Art of Fear: Wild and Crazy Acting

Now we are getting into some of my favorite types of character acting. We have covered Loud and Violent, Slow yet Aggressive, and Stupid yet Creepy so now let’s dive into some of the most difficult styles of haunted attraction acting with first the Wild and Crazy acting style.

Wild and Crazy acting is just how it sounds. To the customer its unpredictable and because of that it raises tension within the customer. It is very physically demanding and also requires dialog relying heavily on your ability to improv. Although it seems to the customer that your character is wild, crazy, and unpredictable the fact is you are not that way at all. You have to plan carefully your act…think a dozen steps ahead…and have several options to take your character based quickly off of customer interaction.

If we are to pigeonhole this specific style of acting into a character that is common enough for everyone to be able to relate to then let us use the haunted attraction clown as an example. Again, keep in mind these acting styles are NOT limited to the examples we are using. I am just trying to pick examples that will be easy to see the concepts I’m talking about.

The clown…people either love them or hate them. That haunted attraction clown people either fear or despise them. In order for a clown to be effective in a haunted attraction it must have its own personality, or it becomes forgettable in a sea of clowns in haunts. Being wild and crazy seems to come with the territory for a clown, but it’s much more than just jumping around acting goofy. This is where a basic background comes into play to help shape the character into something unique. It also helps with the dialog especially when you are backed in a corner and find yourself bantering with customers. Your movements should be planned in such a way that they seem chaotic to the customer. Jumping around or tumbling if there is space. This is a very physically oriented style of acting. The more you move around or act jittery the more the customers are thrown off balance.

You are insane…not Jack Nicholson in the Shinning insane…your crazy! There is nothing subtle about any part of your character. You exist in your crazy world and view the customers as intruders to that world. They endanger it and that is your motivation for the scare. They either adapt to your craziness or you send them running and crying for their lives and sanity. I know I sound crazy, but do you get the point?

A wild and crazy character blends seamlessly into their environment so you must know your room or acting area inside and out. Use it to your advantage and I don’t just mean the best hit points for customers. Your actions must bring that room alive, so the customers feel swallowed into your character’s reality. Use everything in the room. Are there platforms to jump on and off of? If so use them. Are there props…refer to them use them in your act. Plus, never stop or let up even to breath. You MUST be chaotic in everything including your dialog.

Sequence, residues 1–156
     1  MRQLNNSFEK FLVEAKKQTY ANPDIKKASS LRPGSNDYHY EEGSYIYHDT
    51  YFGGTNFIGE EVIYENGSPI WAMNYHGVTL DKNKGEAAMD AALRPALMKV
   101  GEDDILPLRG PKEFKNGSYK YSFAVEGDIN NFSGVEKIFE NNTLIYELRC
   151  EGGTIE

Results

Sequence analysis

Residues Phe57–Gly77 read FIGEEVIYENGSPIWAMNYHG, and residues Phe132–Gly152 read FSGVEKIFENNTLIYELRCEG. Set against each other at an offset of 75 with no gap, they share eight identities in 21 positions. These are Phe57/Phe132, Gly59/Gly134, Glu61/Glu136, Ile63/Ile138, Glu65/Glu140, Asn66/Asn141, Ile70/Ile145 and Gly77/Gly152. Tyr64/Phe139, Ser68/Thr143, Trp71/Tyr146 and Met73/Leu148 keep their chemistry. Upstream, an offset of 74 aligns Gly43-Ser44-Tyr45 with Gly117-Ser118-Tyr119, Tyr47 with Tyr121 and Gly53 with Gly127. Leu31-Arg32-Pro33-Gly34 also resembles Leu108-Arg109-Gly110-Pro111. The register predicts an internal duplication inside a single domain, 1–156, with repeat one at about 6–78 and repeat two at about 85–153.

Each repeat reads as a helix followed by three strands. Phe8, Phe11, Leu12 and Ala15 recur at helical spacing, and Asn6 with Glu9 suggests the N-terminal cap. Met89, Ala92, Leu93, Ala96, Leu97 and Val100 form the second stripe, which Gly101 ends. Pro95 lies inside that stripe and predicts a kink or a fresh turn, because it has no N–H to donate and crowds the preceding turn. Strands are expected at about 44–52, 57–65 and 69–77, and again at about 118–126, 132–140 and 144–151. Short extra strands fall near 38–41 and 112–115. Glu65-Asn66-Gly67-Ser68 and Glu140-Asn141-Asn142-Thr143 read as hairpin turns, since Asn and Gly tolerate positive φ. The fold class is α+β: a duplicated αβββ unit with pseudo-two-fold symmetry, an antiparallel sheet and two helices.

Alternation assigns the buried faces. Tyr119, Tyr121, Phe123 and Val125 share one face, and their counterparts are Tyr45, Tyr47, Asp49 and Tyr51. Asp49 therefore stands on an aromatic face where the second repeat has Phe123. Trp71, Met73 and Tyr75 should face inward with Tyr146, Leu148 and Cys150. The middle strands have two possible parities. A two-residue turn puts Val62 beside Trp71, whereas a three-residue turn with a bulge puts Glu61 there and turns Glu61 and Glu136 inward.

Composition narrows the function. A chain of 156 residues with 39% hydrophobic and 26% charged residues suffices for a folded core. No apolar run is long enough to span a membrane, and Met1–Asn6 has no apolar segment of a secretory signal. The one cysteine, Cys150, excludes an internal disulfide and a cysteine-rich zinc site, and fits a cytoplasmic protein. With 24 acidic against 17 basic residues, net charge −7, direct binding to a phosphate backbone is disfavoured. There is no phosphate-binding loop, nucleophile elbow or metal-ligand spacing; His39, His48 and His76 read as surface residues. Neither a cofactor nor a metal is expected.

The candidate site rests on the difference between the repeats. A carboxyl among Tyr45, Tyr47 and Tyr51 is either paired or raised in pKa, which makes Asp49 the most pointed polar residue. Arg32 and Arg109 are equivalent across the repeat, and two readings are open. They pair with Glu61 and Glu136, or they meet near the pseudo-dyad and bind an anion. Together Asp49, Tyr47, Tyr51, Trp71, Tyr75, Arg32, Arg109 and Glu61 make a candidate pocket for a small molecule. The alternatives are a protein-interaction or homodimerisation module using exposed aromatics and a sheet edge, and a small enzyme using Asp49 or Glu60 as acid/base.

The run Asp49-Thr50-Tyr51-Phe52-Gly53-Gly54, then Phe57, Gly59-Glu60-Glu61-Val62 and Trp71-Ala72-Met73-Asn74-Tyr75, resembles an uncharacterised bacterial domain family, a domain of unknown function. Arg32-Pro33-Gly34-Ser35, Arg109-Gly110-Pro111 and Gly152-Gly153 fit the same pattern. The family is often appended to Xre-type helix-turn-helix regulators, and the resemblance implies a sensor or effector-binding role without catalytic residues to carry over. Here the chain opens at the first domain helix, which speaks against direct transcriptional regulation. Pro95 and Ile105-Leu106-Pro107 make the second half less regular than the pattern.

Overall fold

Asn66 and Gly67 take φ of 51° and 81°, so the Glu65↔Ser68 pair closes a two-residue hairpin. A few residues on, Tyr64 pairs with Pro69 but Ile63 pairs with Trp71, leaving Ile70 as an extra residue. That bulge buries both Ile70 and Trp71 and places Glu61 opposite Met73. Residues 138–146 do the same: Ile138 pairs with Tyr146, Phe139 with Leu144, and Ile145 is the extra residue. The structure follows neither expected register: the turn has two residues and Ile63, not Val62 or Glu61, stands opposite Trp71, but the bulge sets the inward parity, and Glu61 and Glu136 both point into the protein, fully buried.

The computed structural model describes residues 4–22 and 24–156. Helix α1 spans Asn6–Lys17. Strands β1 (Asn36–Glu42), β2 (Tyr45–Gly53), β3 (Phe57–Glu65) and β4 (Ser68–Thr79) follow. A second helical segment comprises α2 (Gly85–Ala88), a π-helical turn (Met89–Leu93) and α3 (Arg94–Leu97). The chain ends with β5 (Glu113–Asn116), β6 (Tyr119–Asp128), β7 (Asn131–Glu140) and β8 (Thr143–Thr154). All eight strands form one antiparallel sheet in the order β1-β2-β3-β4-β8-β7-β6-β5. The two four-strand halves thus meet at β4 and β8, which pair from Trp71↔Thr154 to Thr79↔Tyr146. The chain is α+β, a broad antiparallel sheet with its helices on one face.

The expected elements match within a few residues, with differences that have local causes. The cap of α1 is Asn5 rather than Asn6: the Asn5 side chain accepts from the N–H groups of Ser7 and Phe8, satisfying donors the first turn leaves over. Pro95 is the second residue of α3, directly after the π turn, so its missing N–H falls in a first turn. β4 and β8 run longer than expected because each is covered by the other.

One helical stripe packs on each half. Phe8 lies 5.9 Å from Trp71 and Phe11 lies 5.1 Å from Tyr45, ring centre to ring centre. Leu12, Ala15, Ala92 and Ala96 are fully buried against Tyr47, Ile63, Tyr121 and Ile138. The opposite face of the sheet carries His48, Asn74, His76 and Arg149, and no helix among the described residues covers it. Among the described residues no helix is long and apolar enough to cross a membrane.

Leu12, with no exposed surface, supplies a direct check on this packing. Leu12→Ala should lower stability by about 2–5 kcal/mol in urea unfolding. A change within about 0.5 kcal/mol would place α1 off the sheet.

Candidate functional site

Speaking of which what do you say. Anything works. When first starting out to help actors with dialog I always say look to song lyrics and movie line…things you know. The beauty of a wild and crazy acting style is you do not have to make sense at all. You can throw out a song lyric and then a movie line that don’t make sense going together. You sell your dialog with your facial expressions. I remember one time a great haunt actor and friend once sat in an asylum set reciting from chapters from a car repair manual. It worked because he sold it as a wild and crazy character. It is not what you say it is how you say it.

This is an acting style where you need to start thinking outside the box. Push the limits of your imagination. Characters for this acting still that I did were bizarre to say the least. I did Gumby and Cat in the Hat…dancing around all crazy throwing everyone off guard not just with my act but the imagery my character portrayed. I was also Ernie in a Sesame Street Burt and Ernie team act. I classify all those within the wild and crazy acting style. However, they don’t need to be so extreme or bizarre looking. My simple top hat suit wearing Mr. Maniacal has moments of being wild and crazy. I even did a character once which was inspired by the film version of The Who’s Tommy. Towards the end of the movie Tommy placed his “disciples” in a head piece that blocked their eyes, plugged their ears, and sealed their mouths. So, I wore tattered scrubs and did a version where wires came from my brain to covers over my eyes and I sold the character with movement and no dialog. It was very effective because the movement was wild and crazy. It also helped I could toss my arm behind my head when I was younger. It was a wild and crazy act that worked very well.

This acting style can work with pretty much any character you design and create. Plus, like I said in a previous essay it entertains those customers you cannot scare or also can be used as a distraction when working with others. This style is limited to clowns or twisted children’s characters. Guys dressed in drag, sideshow freaks, nerds, wild and crazy demons even…the options are endless.

You need to be energetic and think quick on your feet in both the way you move and what you say. You need to be confident in these abilities and not be afraid to experiment and try something outside the box. In actuality a good wild and crazy character will also use elements found in all the other acting styles. Movement is key with this acting style and so is experimentation. If you can master this style of acting, then the sky is the limit with your characters. Don’t be afraid and start experimenting!